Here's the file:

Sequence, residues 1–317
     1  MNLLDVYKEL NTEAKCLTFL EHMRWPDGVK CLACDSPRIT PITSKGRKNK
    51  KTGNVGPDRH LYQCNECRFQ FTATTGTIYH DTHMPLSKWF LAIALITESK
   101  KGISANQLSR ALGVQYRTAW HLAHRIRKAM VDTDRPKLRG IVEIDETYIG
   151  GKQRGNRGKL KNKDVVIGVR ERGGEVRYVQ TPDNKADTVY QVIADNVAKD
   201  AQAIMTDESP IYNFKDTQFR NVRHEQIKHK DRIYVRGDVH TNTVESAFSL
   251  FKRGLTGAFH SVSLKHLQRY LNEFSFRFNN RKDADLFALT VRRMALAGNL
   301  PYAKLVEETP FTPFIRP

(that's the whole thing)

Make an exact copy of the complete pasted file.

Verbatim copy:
Sequence, residues 1–317
     1  MNLLDVYKEL NTEAKCLTFL EHMRWPDGVK CLACDSPRIT PITSKGRKNK
    51  KTGNVGPDRH LYQCNECRFQ FTATTGTIYH DTHMPLSKWF LAIALITESK
   101  KGISANQLSR ALGVQYRTAW HLAHRIRKAM VDTDRPKLRG IVEIDETYIG
   151  GKQRGNRGKL KNKDVVIGVR ERGGEVRYVQ TPDNKADTVY QVIADNVAKD
   201  AQAIMTDESP IYNFKDTQFR NVRHEQIKHK DRIYVRGDVH TNTVESAFSL
   251  FKRGLTGAFH SVSLKHLQRY LNEFSFRFNN RKDADLFALT VRRMALAGNL
   301  PYAKLVEETP FTPFIRP